As we neared Monticello, Florida I had heaven on the brain.
You know we're all nomads, you and I, (Hebrews 11:13) and something I'd just observed had me pondering where every believer's Grand Adventure ultimately lands. This train of thought had originated from a stop on the way to Monticello to explore Blue Spring in Madison, Florida.
When we parked, we noticed a Canadian license plate, something we hadn’t seen during this quest, due to the borders being closed for well over a year to try to slow the spread of the COVID virus.
I had always wanted to see the brilliant shades of blues and green in these kinds of springs, but it wasn’t until we stumbled upon a ranger there on an observation deck overlooking the spring who was waiting for some divers to safely surface, that we learned that about 30 feet below the colorful pool was a maze of cave passages that certified cave divers from across the globe come to Madison to explore. Eventually we saw the bubbles from the tanks of a couple of these divers surfacing, and as they rested by the deck stairs later, we could hear them talking about their dive. I can only imagine the beauty of what they may have witnessed!
As we hiked around the lake, I kept thinking to myself that the pristine hues of the clean water I was seeing seemed to me to be perhaps the closest thing I would ever see, on this side of eternity, to the "a river of the water of life, clear as crystal, coming from the throne of God and of the Lamb"(Revelation 22:1).
It was dark by the time we pulled our conspicuous, big black van into the parking lot of the Monticello church of Christ. This warm church family welcomed us with such interest that it was hard to get all our initial conversations in before Bible class was to begin.
After a lively and lighthearted drill to name the primary content of each chapter in Genesis, we landed on chapter 25 for the duration of the class, and shared ideas of how we could prevent in our own lives, falling into the moral traps, and bearing the inevitable painful ripple effects that Issac, Rebekah, Jacob and Esau fell into, including such things as favoritism, manipulation, exploitation, deception and lack of foresight.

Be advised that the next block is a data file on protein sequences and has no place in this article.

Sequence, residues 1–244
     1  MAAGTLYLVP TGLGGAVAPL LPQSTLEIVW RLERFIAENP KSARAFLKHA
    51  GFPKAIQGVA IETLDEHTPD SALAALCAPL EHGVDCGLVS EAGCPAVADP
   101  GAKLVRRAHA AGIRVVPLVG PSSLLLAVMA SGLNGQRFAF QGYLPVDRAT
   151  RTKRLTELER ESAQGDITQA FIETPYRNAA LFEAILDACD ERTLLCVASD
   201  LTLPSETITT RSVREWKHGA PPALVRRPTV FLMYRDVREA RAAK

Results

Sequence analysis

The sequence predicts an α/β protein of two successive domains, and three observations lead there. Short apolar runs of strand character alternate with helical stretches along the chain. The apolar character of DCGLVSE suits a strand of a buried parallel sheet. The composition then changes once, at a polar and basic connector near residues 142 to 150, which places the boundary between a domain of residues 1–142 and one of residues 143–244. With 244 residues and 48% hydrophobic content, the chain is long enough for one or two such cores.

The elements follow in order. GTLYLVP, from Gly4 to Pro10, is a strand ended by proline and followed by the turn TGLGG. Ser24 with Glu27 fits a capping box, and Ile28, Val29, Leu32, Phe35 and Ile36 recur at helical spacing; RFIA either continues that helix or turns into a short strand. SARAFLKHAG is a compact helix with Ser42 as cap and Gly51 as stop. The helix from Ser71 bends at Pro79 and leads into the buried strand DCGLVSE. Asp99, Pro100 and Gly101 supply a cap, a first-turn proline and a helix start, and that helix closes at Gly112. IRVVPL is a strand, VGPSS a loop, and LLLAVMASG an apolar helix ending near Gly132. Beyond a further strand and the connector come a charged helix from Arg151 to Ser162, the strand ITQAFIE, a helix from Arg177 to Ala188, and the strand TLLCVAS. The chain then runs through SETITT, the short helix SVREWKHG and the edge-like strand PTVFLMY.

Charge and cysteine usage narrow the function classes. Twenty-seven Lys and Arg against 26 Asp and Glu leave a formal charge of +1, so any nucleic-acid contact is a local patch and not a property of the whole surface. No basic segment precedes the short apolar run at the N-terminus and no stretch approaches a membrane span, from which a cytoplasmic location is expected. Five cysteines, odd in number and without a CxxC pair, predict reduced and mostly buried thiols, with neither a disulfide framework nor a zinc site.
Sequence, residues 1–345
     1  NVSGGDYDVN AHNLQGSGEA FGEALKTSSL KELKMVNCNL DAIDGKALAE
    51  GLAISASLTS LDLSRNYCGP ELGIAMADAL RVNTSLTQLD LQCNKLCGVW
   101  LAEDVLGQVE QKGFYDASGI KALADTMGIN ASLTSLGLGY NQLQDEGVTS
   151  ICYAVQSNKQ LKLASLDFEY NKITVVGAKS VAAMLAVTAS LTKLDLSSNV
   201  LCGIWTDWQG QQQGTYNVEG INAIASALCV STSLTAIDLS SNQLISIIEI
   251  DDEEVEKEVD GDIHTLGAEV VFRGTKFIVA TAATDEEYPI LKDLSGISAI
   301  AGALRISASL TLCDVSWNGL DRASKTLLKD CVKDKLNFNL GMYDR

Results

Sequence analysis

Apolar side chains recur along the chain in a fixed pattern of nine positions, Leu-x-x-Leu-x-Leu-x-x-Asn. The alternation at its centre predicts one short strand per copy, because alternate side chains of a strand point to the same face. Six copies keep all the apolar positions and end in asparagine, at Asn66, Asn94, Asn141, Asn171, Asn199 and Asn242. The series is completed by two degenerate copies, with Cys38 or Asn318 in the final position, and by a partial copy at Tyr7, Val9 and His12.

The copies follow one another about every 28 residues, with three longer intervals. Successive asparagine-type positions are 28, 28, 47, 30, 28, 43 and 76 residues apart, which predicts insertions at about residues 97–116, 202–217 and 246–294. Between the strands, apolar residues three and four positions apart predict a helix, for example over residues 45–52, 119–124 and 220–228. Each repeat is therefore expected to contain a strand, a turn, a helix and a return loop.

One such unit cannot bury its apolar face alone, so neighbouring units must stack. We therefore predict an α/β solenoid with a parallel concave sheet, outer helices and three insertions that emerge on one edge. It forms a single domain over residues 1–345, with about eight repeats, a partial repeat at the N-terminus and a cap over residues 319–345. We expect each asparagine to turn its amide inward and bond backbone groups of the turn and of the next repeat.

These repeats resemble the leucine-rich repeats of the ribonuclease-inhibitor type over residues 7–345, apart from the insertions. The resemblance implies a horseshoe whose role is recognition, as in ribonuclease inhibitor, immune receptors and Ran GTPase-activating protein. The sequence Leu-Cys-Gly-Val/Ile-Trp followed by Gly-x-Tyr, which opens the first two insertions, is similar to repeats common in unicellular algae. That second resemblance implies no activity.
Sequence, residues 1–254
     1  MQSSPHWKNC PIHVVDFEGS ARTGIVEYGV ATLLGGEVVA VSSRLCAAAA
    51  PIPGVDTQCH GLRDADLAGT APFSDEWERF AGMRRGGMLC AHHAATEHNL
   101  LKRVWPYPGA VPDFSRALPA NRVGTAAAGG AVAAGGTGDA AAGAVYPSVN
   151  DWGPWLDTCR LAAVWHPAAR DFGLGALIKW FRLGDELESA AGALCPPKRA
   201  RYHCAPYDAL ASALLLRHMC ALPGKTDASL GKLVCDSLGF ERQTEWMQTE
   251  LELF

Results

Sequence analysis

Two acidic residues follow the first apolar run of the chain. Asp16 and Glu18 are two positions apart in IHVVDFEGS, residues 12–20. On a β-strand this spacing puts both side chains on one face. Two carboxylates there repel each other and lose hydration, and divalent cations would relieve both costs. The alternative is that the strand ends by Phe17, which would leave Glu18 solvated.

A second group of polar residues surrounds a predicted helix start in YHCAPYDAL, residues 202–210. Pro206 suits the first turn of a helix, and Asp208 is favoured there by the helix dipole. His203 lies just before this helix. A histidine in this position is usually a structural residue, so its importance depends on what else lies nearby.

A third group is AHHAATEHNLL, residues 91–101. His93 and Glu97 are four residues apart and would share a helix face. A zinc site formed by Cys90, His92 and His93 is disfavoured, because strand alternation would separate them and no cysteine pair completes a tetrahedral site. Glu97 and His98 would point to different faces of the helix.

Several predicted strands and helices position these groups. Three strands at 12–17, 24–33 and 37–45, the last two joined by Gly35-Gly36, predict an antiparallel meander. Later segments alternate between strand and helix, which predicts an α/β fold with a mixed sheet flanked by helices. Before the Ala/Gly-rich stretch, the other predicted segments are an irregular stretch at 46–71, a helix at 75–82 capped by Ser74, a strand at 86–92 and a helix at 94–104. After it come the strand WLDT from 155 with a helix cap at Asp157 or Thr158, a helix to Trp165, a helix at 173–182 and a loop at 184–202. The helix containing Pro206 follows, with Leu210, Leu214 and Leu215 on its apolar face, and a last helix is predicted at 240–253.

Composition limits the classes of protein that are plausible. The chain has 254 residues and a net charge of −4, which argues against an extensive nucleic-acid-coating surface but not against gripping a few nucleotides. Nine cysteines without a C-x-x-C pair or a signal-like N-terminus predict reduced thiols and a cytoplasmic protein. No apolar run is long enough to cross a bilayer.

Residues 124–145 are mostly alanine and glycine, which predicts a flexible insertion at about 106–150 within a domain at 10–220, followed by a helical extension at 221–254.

It was a conversation that many in the class participated in and a very useful class for everyone, given the fact that we had, every one of us, been guilty of the many of the same sins that tripped up our spiritual forefathers.
The brother who lead our thoughts toward the end of hour together presented the solution to all that entrapment with an entry from Gary Henry’s book “Obeying The Gospel”, entitled “Jesus Christ and Him crucified”. It read:
“For I decided to know nothing among you except Jesus Christ and him crucified. 1 Corinthians 2:2
Paul was grateful for his brethren in Corinth, but he was worried about them.. they had divided into factions, each group following its favorite teacher of the gospel (1 Corinthians 1:10-13). This kind of sectarianism was very common in cities like Corinth, of course, where the public forum was filled with philosophers, orators, and teachers - each wooing followers by showing himself to be more on the intellectual cutting edge than the others.
Yet this was the very kind of attractiveness Paul had tried to avoid. "I decided," he said, "to know nothing among you except Jesus Christ and him crucified." And his reason was both clear and practical: "My speech and my message were not in plausible words of wisdom...so that your faith might not rest in the wisdom of men but in the power of God" (1 Corinthians 2:4,5).
"Jesus Christ": It is hard for human reason to accept the fact that the Creator of the universe took human form in the person of Jesus of Nazareth, but that is exactly what the gospel affirms. Only once in history did such a thing happen- and having happened, the Person in whom it happened, Jesus, is now the One through whom God is offering to reconcile human beings to Himself.